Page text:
Can Netflix Give 'Mad Men' Another Boost?

TV-Mad Men-Review
Michael Yarish/AMC/AP

The seventh and final season of "Mad Men" kicks off on AMC Networks' (AMCX) AMC in less than two weeks, and Netflix (NFLX) has become the show's loudest and most unlikely cheerleader.

The leading streaming video service made the sixth season of the show available to subscribers on Sunday, just in time for viewers to get up to speed ahead of the April 13 season premiere. It won't be a surprise if ratings pick up for "Mad Men's" new season. And it also won't be a surprise if a major reason for the uptick in popularity stems from its widening availability on Netflix.

Rerun TV Pays Off

It's been three years since "Mad Men" first entered Netflix's growing digital vault of content. The serialized drama was on a long hiatus between its fourth and fifth seasons, and that kind of absence that could make viewers move on to something else.

However, when AMC's premiere of "Mad Men's" fifth season earned a surprisingly robust 20 percent spike in viewership, it was easy to see that Netflix had worked wonders to galvanize the show's audience.

"We believe we found an untapped audience of the show," Netflix chief content officer Ted Sarandos said two years ago during the National Association of Broadcasters convention, weeks into the "Mad Men's" fifth season. Sarandos pointed out that 3.5 million of its subscribers streamed the fourth season in advance of the fifth season's debut on AMC. He also said that 800,000 of those subscribers went through all four seasons. The show's creator also gave props to Netflix at the time.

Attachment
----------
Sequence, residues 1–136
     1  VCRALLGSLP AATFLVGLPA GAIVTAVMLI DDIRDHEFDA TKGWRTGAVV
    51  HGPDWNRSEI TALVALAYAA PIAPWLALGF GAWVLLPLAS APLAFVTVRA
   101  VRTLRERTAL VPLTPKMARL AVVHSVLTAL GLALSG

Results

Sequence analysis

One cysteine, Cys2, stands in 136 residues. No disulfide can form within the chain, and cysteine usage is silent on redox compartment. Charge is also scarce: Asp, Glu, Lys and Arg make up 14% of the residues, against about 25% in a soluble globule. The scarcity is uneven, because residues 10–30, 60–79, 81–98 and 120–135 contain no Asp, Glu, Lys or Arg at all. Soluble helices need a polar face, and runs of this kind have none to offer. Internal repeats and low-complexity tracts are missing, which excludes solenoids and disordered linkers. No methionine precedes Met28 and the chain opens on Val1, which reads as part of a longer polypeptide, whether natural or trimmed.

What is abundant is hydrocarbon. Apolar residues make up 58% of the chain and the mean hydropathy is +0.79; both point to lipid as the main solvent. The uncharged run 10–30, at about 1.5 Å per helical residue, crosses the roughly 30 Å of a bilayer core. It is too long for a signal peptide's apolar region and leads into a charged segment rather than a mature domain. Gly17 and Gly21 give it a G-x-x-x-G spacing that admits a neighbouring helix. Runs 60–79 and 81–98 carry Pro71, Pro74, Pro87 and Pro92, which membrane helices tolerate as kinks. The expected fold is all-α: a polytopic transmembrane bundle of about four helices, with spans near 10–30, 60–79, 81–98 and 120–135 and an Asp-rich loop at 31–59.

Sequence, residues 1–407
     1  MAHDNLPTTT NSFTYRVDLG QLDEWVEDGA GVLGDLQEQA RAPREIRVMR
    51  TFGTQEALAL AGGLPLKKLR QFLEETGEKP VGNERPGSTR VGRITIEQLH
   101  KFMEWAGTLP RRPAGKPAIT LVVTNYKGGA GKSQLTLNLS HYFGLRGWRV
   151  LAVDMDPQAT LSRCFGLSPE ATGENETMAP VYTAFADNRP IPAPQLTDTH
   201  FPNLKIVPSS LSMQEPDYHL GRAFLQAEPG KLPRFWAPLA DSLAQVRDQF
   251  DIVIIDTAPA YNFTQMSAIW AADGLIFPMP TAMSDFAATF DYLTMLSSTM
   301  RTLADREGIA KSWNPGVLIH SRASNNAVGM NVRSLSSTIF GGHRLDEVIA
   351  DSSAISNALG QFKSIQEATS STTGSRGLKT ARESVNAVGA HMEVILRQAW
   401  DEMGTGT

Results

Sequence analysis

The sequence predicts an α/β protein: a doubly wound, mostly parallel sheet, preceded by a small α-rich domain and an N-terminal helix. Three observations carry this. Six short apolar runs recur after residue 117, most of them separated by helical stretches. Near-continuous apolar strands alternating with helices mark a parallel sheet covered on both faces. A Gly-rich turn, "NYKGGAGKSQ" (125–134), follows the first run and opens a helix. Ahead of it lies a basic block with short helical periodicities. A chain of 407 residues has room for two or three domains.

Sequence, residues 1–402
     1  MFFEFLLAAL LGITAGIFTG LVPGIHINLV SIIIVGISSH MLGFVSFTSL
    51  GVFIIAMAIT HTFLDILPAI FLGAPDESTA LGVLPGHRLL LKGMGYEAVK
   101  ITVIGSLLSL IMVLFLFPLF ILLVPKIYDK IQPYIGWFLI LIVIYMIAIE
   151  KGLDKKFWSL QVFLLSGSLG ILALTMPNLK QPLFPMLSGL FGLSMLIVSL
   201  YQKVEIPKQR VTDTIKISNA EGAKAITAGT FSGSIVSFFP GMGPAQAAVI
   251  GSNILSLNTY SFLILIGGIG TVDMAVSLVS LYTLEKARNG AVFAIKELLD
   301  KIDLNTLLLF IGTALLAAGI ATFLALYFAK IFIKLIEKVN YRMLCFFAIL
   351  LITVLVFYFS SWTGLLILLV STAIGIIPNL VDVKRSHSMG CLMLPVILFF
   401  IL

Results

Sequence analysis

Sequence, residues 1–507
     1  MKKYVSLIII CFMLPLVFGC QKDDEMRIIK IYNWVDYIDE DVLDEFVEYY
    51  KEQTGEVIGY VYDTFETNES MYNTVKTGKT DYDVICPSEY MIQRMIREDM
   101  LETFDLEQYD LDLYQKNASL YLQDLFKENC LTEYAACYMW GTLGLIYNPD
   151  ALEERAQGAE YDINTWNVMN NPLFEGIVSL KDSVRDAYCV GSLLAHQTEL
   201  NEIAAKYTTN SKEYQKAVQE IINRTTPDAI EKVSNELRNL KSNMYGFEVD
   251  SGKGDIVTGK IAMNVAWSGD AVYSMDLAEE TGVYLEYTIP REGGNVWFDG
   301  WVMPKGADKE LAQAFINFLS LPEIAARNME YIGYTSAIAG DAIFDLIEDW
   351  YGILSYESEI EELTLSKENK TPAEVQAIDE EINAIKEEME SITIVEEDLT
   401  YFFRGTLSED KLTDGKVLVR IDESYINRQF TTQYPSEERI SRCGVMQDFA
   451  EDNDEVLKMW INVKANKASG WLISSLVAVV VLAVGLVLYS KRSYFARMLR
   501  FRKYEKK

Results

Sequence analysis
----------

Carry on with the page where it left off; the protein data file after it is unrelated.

Mad Money

Netflix, AMC and the show's producers haven't been as chatty about the impact that streaming availability had a year later. A good reason for that is that last April's sixth-season premiered with just 3.4 million viewers, just shy of the 3.5 million that it had attracted a year earlier. However, in "Mad Men's" defense, the two-hour premiere did coincide with HBO's "Game of Thrones." More importantly, by the time the season finale hit, ratings were ahead of where they were a year earlier.

We've seen Netflix go on to work its magic on other AMC shows including "Breaking Bad" and "The Walking Dead." Serialized dramas are difficult for potential new fans to catch up on, which opens the door for Netflix. There are now 44 million Netflix streaming subscribers worldwide, nearly doubling from the 23.5 million it had three years ago when "Mad Men" first became available.

You don't need to be "Mad Men's" Don Draper to know that Netflix is just good marketing for networks with shows still on the air.

Motley Fool contributor Rick Munarriz owns shares of Netflix. The Motley Fool recommends AMC Networks and Netflix. The Motley Fool owns shares of Netflix.

Originally published